“The views, opinions and positions expressed within this blog are those of the author(s) alone and do not represent those of the American Heart Association. The accuracy, completeness and validity of any statements made within this article are not guaranteed. We accept no liability for any errors, omissions or representations. The copyright of this content belongs to the author and any liability with regards to infringement of intellectual property rights remains with them. The Early Career Voice blog is not intended to provide medical advice or treatment. Only your healthcare provider can provide that. The American Heart Association recommends that you consult your healthcare provider regarding your personal health matters. If you think you are having a heart attack, stroke or another emergency, please call 911 immediately.”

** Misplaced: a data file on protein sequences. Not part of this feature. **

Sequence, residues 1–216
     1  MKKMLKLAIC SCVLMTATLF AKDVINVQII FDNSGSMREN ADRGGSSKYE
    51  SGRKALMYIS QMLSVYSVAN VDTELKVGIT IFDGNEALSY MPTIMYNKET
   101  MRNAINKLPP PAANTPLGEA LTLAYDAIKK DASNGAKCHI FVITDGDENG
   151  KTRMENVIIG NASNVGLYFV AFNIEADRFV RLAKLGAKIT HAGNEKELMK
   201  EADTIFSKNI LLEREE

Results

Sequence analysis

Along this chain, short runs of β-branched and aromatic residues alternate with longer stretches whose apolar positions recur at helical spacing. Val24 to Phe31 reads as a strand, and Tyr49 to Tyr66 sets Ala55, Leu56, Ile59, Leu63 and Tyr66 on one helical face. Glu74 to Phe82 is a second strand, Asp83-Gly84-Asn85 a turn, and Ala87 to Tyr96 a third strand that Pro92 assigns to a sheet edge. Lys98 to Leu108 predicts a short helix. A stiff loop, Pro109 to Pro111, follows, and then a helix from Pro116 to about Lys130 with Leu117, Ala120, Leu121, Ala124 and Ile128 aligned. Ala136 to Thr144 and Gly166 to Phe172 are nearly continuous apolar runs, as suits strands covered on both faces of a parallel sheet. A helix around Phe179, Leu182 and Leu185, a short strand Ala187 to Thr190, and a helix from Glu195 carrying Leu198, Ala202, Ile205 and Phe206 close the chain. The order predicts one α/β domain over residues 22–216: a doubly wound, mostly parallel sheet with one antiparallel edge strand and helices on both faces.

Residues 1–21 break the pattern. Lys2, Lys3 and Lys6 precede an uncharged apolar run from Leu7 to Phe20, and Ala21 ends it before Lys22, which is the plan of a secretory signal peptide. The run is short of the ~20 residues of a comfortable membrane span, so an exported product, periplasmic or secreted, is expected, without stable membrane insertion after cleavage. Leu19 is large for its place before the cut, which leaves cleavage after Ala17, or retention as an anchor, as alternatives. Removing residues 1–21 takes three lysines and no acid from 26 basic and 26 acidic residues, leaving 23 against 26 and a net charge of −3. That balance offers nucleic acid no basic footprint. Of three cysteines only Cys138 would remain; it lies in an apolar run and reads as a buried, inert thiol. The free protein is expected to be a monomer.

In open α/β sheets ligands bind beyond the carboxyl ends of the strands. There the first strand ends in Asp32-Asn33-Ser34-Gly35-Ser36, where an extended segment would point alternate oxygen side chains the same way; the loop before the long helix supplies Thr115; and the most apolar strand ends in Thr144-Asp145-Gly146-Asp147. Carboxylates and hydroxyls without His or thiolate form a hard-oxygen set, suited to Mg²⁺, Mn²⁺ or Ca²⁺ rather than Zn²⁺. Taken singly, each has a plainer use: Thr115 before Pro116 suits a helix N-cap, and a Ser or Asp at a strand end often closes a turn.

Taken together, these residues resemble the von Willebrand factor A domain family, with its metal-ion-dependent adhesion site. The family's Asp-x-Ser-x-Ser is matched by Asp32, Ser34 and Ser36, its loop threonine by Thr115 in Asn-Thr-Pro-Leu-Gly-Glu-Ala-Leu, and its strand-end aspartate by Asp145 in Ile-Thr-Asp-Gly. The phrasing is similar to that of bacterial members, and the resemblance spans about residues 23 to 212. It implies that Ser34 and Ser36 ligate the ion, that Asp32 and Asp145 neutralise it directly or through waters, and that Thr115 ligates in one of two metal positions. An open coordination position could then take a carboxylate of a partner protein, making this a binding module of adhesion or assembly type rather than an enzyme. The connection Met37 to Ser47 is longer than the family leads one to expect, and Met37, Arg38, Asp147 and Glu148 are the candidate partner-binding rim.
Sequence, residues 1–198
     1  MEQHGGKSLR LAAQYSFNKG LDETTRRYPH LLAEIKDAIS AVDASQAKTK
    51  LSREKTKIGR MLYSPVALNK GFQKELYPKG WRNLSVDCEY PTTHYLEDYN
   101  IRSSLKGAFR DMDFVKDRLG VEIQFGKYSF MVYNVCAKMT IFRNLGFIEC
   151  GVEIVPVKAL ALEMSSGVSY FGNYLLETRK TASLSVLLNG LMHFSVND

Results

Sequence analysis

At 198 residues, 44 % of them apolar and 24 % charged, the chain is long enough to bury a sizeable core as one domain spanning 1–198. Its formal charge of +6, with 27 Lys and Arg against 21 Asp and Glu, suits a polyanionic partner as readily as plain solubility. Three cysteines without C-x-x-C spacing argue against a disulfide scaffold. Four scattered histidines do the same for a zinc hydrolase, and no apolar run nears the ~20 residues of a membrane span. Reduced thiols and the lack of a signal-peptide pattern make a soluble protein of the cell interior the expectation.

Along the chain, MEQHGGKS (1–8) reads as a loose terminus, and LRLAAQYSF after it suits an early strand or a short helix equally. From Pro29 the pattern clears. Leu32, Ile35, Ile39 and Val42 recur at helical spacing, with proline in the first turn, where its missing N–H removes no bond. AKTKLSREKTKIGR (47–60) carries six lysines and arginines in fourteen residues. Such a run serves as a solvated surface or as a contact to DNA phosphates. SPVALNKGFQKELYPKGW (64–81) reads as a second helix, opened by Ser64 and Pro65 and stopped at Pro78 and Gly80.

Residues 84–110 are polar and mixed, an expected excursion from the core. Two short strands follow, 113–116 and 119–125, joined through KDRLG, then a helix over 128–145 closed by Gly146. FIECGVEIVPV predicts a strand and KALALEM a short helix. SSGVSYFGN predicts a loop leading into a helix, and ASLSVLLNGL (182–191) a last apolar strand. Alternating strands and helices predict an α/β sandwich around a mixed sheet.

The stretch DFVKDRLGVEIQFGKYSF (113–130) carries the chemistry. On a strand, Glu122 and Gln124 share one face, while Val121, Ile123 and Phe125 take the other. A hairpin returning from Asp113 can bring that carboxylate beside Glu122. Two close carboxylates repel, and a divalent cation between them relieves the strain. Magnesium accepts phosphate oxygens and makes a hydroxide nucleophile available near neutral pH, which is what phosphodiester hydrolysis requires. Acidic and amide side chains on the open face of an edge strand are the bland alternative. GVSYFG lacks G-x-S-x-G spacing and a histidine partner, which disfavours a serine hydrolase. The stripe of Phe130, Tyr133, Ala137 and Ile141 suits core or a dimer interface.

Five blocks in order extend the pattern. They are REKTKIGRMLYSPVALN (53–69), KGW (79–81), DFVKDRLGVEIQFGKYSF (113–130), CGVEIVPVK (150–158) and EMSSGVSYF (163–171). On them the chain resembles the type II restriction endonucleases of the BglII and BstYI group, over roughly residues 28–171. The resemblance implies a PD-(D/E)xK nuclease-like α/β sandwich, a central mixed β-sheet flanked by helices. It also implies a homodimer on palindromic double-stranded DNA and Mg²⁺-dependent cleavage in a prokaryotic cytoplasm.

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Conquering the K99 (Part 1)

Greetings postdocs! I wanted to share my experience with postdoc fellowships and grants for this month’s blog. As a postdoctoral researcher, I applied to over 15 grants and fellowships. Getting funding as a postdoc is difficult, and I did not receive most of the grants I applied to. However, my research proposal improved with each subsequent application, and I eventually found success first with an American Heart Association Postdoctoral Fellowship (thanks AHA!) and later with a K99 Pathway to Independence Award. Over the past two years, I have been a grant-writing coach and in the next few blogs wanted to share the many things I learned about applying for NIH funding.

What is the K99/R00?